As for the BSM, they are not a replacement for mirrors and necks. You still have to visually check. They're more of a "hey, pay attention!" reminder. They're also useful when backing out in a parking lot.

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post #16 of 35 (permalink) Old 07-29-2019, 10:59 AM
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Also a mismatch between customer expectation and the reality of driver aides is common. Especially for Tesla drivers.

Photon FE, 2013 FR-S, 2017 RAM 1500, 2014 Forester
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post #17 of 35 (permalink) Old 07-29-2019, 11:36 AM Thread Starter
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For ACC, I haven't had that specific problem, but it doesn't surprise me. That'd be a hard situation for computer vision to track. If they changed the settings to stop such behavior, you'd probably lose the car in front of you far more often. A trade off. When a car does pull into the next lane, I suggest maybe pulling a little away to let the camera see the next car in front of you, or temporarily cancelling the system.

As for the BSM, they are not a replacement for mirrors and necks. You still have to visually check. They're more of a "hey, pay attention!" reminder. They're also useful when backing out in a parking lot.
I understand your points. I've owned other cars with ACC and blind spot monitoring that work great including a 2008 XJR (no blind spot monitoring) with great ACC. Saab and Ford seem to get the technology right. The I-Pace is the first to track cars once they leave my lane and it's locked onto vehicles never in my lane - usually larger trucks and on sweeping curves.

My I-Pace came with darkly tinted rear windows, the b-pillar is thick and rear visibility is less than optimal so BSM is a good tool in heavy traffic. Perhaps having the system on my last 4 or 5 cars has made me a little too reliant on it although I do look before changing lanes.

Dealer explained both systems as operating as JLR intended and I'm just used to previous car behaviors. I don't buy this explanation because if it's operating as intended, why have accidents nearly occurred.
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post #18 of 35 (permalink) Old 07-29-2019, 11:58 AM Thread Starter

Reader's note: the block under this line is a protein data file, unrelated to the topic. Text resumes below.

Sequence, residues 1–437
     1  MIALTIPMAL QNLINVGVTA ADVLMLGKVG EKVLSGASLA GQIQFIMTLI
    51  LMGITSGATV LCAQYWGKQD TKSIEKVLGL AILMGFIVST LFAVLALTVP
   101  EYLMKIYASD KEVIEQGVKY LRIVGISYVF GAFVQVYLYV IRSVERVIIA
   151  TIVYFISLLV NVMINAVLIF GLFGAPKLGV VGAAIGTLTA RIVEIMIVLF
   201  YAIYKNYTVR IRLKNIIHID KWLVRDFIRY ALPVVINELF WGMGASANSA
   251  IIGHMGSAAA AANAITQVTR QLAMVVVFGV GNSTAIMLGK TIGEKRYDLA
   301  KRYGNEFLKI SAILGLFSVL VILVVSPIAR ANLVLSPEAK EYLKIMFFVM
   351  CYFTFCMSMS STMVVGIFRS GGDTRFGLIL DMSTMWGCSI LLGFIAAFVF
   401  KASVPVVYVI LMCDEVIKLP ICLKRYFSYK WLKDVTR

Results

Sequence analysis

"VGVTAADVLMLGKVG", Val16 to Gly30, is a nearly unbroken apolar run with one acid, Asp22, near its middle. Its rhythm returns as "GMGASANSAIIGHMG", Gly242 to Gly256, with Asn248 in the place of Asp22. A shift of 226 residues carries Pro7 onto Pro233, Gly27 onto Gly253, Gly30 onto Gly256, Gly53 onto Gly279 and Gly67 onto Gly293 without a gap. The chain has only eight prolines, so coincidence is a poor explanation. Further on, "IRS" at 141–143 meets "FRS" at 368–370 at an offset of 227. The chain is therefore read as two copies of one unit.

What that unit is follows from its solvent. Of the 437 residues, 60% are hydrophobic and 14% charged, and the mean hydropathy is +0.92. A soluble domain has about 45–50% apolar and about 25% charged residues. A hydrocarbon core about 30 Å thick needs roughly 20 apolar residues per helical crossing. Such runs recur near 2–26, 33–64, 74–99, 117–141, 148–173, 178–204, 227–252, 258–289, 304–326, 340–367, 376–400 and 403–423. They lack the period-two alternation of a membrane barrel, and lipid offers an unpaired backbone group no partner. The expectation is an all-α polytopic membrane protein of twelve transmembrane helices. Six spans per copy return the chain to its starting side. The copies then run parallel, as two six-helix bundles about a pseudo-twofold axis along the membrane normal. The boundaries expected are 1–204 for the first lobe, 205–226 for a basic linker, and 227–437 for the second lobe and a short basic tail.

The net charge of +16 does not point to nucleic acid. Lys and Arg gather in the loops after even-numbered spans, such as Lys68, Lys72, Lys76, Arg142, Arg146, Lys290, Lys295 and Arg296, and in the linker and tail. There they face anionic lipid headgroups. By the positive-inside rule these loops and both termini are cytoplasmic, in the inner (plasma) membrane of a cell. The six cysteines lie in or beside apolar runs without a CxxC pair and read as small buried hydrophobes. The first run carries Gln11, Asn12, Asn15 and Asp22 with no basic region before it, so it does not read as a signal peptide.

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One possible explanation for ACC behavior vice my prior experience is I-Pace is designed to stop and then resume moving (follow mode) while my other cars would slow to 20 MPH and the driver would then intervene. This might require greater system sensitivity hence tracking vehicles in adjacent lanes. I haven't tested the ACC to a full stop yet but the dealer assures me that it works fine.
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post #19 of 35 (permalink) Old 07-29-2019, 12:35 PM
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One possible explanation for ACC behavior vice my prior experience is I-Pace is designed to stop and then resume moving (follow mode) while my other cars would slow to 20 MPH and the driver would then intervene. This might require greater system sensitivity hence tracking vehicles in adjacent lanes. I haven't tested the ACC to a full stop yet but the dealer assures me that it works fine.
The JLR system definitely doesn’t work as well as others I’ve used, but I find it works fine.
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post #20 of 35 (permalink) Old 07-30-2019, 12:18 PM
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For ACC, I haven't had that specific problem, but it doesn't surprise me. That'd be a hard situation for computer vision to track. If they changed the settings to stop such behavior, you'd probably lose the car in front of you far more often. A trade off. When a car does pull into the next lane, I suggest maybe pulling a little away to let the camera see the next car in front of you, or temporarily cancelling the system.

As for the BSM, they are not a replacement for mirrors and necks. You still have to visually check. They're more of a "hey, pay attention!" reminder. They're also useful when backing out in a parking lot.
There seems to be a misunderstanding here. The I-Pace uses radar for adaptive cruise control and the cameras for lane keeping, pedestrian/bicycle detection, automatic high beams, and sign reading.